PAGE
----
What Was The Impact Of The Treaty Of Versailles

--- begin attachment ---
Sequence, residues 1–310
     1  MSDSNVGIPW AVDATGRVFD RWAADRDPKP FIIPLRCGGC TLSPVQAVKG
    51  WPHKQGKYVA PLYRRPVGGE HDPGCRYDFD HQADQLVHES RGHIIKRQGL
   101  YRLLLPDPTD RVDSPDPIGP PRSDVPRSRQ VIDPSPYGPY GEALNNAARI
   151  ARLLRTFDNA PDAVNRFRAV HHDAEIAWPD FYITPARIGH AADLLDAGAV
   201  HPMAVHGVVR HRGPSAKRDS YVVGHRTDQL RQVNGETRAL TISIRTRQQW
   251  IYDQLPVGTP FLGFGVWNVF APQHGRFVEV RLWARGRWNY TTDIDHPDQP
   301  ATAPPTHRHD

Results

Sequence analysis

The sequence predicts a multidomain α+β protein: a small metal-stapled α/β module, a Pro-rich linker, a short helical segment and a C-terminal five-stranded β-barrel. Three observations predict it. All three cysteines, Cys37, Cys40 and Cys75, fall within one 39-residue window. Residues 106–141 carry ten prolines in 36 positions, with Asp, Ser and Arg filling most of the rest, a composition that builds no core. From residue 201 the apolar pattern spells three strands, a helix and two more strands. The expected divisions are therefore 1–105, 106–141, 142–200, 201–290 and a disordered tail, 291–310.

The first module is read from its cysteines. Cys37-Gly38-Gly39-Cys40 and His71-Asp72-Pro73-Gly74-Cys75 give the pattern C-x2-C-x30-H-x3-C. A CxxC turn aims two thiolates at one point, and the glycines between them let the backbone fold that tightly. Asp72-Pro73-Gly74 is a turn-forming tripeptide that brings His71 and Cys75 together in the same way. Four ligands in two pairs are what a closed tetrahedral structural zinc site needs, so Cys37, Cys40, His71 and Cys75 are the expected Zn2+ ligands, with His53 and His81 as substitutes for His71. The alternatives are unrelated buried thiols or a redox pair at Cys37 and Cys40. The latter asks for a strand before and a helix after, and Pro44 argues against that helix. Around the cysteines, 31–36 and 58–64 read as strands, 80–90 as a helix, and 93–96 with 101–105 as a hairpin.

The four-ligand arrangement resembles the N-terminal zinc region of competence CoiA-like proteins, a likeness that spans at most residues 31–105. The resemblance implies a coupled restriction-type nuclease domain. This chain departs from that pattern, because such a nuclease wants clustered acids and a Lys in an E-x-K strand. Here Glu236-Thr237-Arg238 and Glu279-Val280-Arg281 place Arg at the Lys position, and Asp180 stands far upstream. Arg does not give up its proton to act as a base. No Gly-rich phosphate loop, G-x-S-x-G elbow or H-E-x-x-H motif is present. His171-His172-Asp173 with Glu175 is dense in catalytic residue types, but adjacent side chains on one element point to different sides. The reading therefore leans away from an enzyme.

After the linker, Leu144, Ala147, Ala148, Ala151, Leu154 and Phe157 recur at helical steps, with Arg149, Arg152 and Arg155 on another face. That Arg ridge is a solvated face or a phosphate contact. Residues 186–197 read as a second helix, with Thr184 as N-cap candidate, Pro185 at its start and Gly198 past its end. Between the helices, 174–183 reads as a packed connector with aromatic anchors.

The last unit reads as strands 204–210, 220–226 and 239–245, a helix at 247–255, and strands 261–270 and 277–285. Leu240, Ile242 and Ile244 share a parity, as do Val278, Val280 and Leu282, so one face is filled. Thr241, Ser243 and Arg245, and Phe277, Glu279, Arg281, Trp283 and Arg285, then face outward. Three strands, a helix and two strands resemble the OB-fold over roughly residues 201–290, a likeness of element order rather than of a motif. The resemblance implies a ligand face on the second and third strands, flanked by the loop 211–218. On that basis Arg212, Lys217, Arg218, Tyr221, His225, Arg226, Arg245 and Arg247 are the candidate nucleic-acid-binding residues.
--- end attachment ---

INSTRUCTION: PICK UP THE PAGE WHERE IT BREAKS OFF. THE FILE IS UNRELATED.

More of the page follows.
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The Treaty of Versailles was imposed on Germany by the Triple Entente, France, Russia, and Great Britain, at the end of World War 1. France used the treaty to get revenge and security, while Britain wanted imperial gains and Italy and Japan wanted territorial gains. The treaty stated that Germany must: limit its army to 100,000 men, give up its colonial possessions, pay reparations to the winning state, accept full responsibility for the war, and allow the Rhineland to be occupied for 15 years. Germany was also forced to sign the treaty in order to remain a unified country. The United States wanted to gain world peace and continued world trade from the treaty. Due to this, Woodrow Wilson backed out of the treaty and withdrew the United States involvement. Wilson came to Versailles hoping that measures would be taken to restore peace with Europe. However, once he read the treaty he soon learned that the last thing that would be achieved was peace. He was appalled by the enormous weight put on Germany’s shoulders, and even said, “the exactions of this treaty are more than the German people can bear.” Wilson wanted an end to come to all the alliances that had started World War One. He thought the Treaty would achieve this, but in his opinion, it only increased the divide between Germany and other European countries. Wilson even offered a counter proposal stating that Germany offers to proceed with their own disarmament in advance, in order to show that they will help to

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